particular this year is extraordinary. Initially there was more bashing
of the drums than music, but the contestants are becoming extremely
proficient and the range of music now includes a little classics and
many popular songs in addition to the old favourites.
This is truly a rainbow nation project which gives anybody that would
like to be involved,
After overcoming initial nervousness, everyone who performed at this
year’s festival showed a love for this wonderful rhythmic music and
energy filled the air as dozens of KZN learners beat large half-moon
shaped steel drums, eyes sparkling with concentration and vitality. Hand
actions and some dancing completed a delightful day.
Background to the Steel Drum
They are among 2 400 learners making up
more than 90 different bands who eagerly look forward to their weekly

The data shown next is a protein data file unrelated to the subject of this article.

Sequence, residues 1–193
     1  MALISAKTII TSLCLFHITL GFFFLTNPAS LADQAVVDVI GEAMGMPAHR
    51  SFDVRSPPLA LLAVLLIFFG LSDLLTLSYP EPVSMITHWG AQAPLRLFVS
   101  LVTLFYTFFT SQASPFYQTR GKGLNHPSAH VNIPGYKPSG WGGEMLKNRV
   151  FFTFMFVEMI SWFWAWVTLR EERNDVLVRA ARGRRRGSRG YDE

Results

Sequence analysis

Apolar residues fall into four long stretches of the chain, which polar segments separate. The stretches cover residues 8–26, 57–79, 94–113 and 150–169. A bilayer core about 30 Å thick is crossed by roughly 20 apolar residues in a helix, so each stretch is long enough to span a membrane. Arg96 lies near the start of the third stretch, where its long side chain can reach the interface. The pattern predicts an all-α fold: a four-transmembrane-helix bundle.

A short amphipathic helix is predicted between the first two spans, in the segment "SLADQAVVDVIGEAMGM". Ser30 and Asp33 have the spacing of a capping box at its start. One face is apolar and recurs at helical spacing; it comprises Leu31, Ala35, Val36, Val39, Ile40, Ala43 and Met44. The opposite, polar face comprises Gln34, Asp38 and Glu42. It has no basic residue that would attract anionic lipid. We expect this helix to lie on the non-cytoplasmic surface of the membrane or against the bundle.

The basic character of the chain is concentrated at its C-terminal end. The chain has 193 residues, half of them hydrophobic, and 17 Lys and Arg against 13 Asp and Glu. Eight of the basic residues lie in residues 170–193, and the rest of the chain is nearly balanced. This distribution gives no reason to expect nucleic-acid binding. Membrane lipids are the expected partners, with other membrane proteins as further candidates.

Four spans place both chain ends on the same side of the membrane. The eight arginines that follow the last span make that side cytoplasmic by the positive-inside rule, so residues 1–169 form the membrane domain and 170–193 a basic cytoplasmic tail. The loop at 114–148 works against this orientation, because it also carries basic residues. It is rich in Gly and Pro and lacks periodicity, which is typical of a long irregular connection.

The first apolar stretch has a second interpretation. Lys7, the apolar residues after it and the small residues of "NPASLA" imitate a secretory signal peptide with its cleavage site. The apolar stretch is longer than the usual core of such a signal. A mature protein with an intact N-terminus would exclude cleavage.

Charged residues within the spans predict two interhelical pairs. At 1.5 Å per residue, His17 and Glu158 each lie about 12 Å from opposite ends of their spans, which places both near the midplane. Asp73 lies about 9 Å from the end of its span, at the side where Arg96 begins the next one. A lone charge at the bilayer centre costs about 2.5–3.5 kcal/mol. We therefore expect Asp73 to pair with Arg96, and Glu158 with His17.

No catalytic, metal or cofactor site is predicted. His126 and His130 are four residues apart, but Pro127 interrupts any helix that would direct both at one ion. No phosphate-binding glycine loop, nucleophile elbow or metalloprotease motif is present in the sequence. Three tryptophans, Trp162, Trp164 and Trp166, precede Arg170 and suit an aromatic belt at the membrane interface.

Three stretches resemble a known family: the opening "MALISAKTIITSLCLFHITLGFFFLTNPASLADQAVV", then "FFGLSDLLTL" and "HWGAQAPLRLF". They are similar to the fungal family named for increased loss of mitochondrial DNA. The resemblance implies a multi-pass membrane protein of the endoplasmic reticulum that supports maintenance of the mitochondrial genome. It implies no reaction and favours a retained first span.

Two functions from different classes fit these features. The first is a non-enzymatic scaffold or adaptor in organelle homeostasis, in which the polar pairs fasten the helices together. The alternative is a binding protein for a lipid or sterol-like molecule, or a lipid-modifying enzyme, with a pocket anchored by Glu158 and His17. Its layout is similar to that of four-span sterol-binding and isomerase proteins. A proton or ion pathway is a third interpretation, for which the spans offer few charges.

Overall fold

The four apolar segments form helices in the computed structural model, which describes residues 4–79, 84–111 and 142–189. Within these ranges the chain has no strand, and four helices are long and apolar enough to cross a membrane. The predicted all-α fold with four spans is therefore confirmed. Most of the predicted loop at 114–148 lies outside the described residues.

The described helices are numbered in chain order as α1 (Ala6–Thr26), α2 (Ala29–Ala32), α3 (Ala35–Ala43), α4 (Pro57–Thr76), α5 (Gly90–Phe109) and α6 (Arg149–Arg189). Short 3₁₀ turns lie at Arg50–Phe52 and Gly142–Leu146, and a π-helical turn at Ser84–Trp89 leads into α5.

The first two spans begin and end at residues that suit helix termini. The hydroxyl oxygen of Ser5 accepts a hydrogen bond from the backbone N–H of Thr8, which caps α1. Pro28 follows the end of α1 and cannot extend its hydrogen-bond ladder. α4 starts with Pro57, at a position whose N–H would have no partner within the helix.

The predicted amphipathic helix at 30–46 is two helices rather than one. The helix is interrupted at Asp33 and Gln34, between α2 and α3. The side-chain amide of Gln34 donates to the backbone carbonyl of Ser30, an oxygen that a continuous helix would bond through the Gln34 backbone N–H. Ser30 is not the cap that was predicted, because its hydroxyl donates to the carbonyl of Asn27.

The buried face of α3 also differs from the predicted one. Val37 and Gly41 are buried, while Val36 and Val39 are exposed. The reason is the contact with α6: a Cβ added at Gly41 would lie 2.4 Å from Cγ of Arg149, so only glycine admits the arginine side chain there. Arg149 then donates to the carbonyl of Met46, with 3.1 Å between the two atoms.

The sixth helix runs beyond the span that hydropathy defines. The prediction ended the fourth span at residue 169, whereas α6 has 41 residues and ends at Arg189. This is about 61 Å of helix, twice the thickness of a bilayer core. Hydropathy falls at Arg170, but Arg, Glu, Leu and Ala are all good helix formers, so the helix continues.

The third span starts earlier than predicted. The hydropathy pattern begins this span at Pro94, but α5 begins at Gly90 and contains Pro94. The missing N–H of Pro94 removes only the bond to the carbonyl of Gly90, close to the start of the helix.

lesson given by one of the six teachers of the Steel Drum Foundation.
Founded by professional musicians Bryan Clarke and Dobri Paliev, the
Steel Drum Foundation was established 11 years ago to enable KZN
youngsters to experience the multiple benefits of being part of a steel
‘Anyone who expects the steel drums to sound like ordinary drums are in
for a wonderful surprise,’ said Bryan. ‘Although the action is the same
– you beat the oil drums with sticks – they are far more versatile. They
can produce any tune from ‘Yellow Bird’ to ‘Rock around the clock’ and
the catchy island rhythm and rich tones make you itch to get up and clap
‘What is so exciting about the steel drum is that it is so easy to learn
‘ says Bryan. ‘ Using our specially developed teaching methodology,
children with no musical training are quickly able to pick up the basic
techniques. We can introduce a brand new song at the start of a lesson
and they will be playing it quite well by the end of the lesson.’
‘We are changing lives here. The lesson is the high point of the week
for many of the children, particularly those from impoverished
backgrounds who have little opportunity for constructive and fun leisure